There is no such thing as a temporary entitlement.
There is no such thing as a temporary entitlement that ever costs less than the government estimates.
To wit: Here is yet another shining example of Obama “efficiency” that tells you all you need to know about Obamacare projections and promises:
When Congress passed an $8,000 tax credit for first-time home buyers last winter, it was intended as a dose of shock therapy during a crisis. Now the question is becoming whether the housing market can function without it.
As many as 40 percent of all home buyers this year will qualify for the credit. It is on track to cost the government $15 billion, more than twice the amount that was projected when Congress passed the stimulus bill in February.
In the view of the real estate industry and some economists, all that money is well spent. They contend the credit is doing what it was meant to do, encouraging a recovery in the housing market that is gathering steam. Analysts say the credit is directly responsible for several hundred thousand home sales.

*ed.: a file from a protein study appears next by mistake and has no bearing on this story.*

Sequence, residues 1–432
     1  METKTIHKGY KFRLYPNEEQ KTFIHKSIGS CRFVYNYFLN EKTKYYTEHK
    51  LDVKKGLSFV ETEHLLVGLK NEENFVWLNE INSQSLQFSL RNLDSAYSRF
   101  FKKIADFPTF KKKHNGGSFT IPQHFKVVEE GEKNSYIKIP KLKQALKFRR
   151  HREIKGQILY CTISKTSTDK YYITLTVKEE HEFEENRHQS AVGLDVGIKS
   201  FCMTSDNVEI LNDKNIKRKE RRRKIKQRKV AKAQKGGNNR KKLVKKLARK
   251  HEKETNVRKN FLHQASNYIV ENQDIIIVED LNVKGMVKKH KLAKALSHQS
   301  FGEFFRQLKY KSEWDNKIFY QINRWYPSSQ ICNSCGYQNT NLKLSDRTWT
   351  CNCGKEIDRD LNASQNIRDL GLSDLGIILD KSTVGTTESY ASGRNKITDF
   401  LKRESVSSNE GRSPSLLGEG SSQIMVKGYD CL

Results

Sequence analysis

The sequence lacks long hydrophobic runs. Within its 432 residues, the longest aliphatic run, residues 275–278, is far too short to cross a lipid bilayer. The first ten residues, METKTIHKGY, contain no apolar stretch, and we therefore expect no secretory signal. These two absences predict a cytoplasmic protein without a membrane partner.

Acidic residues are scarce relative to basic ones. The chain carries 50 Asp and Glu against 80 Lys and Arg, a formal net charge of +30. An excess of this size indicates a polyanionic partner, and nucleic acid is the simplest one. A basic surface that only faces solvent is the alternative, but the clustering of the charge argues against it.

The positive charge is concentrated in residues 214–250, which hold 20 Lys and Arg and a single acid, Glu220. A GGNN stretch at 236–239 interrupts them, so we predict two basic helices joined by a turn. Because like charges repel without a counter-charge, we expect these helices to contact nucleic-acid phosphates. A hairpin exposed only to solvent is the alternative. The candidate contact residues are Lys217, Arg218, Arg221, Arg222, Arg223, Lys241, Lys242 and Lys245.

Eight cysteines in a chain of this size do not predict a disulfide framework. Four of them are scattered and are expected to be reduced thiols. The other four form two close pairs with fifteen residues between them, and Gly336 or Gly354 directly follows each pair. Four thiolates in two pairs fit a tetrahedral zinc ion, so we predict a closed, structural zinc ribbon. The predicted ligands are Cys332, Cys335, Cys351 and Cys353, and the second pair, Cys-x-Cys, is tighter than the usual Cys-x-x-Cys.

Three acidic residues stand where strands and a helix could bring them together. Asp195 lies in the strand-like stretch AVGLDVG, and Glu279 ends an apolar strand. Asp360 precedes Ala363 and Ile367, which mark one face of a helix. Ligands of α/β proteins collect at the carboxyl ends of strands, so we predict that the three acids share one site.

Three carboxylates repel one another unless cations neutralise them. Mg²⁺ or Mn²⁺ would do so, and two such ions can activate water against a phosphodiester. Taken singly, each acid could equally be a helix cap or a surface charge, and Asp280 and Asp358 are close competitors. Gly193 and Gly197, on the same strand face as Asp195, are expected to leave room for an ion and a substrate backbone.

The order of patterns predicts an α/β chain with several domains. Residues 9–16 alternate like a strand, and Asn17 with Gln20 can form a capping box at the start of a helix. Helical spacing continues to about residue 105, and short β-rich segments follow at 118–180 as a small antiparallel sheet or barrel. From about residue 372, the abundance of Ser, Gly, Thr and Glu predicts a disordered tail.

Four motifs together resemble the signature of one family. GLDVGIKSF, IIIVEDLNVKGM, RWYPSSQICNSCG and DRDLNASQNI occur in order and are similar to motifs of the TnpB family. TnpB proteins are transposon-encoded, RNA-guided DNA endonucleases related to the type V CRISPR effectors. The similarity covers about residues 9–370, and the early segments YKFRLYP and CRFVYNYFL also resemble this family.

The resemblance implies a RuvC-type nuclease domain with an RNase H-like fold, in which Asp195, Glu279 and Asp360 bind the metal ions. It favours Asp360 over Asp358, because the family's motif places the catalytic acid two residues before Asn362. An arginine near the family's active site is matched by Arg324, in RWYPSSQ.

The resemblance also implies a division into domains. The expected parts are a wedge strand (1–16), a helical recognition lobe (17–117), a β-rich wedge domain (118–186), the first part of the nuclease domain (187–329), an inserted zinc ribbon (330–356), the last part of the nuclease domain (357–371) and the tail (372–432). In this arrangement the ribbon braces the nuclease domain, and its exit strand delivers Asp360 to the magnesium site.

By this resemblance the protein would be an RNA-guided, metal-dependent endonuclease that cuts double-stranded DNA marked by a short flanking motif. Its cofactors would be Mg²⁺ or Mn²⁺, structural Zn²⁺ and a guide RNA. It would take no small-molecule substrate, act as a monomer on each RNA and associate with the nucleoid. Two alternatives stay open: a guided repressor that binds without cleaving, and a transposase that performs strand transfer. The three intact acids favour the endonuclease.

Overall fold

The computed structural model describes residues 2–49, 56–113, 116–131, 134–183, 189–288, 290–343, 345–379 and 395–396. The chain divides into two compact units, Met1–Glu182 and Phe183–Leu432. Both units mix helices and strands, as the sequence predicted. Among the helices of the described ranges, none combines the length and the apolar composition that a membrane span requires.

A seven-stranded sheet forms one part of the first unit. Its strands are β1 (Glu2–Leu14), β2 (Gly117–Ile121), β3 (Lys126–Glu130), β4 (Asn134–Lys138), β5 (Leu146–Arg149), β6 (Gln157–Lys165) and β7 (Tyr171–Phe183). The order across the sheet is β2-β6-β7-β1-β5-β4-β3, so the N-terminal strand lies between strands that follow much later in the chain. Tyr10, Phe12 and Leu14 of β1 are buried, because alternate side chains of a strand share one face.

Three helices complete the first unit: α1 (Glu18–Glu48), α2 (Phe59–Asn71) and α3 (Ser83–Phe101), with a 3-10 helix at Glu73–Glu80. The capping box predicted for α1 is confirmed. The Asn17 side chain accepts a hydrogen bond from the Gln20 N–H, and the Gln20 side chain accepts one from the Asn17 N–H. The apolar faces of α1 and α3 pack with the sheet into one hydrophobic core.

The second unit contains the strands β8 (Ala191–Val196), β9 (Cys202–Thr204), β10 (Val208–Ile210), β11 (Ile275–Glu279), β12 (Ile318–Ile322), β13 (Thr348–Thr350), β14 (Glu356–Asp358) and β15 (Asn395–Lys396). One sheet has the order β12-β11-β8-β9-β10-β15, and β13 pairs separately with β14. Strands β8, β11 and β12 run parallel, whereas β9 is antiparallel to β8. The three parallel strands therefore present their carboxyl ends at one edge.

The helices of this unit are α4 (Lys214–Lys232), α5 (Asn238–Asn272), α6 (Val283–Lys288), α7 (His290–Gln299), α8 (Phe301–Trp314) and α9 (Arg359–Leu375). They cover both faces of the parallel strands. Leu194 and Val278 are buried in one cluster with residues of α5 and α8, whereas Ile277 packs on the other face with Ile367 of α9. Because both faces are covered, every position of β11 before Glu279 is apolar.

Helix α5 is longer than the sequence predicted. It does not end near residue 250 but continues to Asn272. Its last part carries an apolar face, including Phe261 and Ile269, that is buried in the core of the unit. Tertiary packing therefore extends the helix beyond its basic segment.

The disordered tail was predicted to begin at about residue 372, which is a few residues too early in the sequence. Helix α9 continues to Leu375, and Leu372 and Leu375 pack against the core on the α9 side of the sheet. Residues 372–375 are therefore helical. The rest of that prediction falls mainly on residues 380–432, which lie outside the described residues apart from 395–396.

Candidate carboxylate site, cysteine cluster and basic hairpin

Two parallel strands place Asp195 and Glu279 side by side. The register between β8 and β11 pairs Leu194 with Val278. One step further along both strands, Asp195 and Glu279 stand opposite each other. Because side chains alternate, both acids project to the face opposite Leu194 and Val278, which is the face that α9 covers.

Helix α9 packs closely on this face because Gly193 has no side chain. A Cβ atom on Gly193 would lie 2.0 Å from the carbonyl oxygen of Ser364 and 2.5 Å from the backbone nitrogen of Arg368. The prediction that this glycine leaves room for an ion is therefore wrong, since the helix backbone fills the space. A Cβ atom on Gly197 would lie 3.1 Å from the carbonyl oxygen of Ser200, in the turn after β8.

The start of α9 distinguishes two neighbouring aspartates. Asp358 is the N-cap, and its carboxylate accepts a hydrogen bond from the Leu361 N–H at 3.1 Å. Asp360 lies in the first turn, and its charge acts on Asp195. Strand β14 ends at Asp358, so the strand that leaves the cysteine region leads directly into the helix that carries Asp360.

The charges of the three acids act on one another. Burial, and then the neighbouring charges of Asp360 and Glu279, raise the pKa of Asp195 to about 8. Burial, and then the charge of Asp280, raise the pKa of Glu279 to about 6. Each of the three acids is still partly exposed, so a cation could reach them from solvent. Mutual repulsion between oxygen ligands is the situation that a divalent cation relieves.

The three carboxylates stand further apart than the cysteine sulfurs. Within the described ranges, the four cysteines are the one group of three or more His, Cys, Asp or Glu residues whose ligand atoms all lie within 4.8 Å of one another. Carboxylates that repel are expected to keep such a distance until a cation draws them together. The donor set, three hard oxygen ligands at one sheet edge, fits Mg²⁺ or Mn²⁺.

Skeptics argue that most of the money is going to people who would have bought a home anyway. And they contend that unless it is allowed to expire on schedule in late November, the tax credit is likely to become one more expensive government program that refuses to die.
And speaking of massively expensive government programs that will inevitably become more expensive:
The much-ballyhooed, long-wrangled-over Baucus health care proposal (PDF), which has largely become President Obama’s blueprint for remaking an industry that accounts for about one-sixth of the American economy, is now public. Only to be wrangled over some more.
The proposal is the result of more than a year of preparation and more than three months of intense negotiations between a small group of Democrats and Republicans led by Senator Max Baucus, Democrat of Montana, the chairman of the Finance Committee.
The first surprise in the Baucus plan: a slimmed down price-tag of $856 billion over 10 years. Earlier versions of the health care legislation had come in costing $1 trillion or more. But stay tuned for a close look at the fine print; Congressional budget-scoring is often as much art as science.
Another number to watch: 13 percent. That’s the share of family income that the Baucus plan envisions middle-class American families having to pay in health insurance premiums before co-payments, deductibles and other cost-sharing.
Via ABC: Democrat Sen. Rockefeller warns of “big, big tax” to pay for Obamacare…
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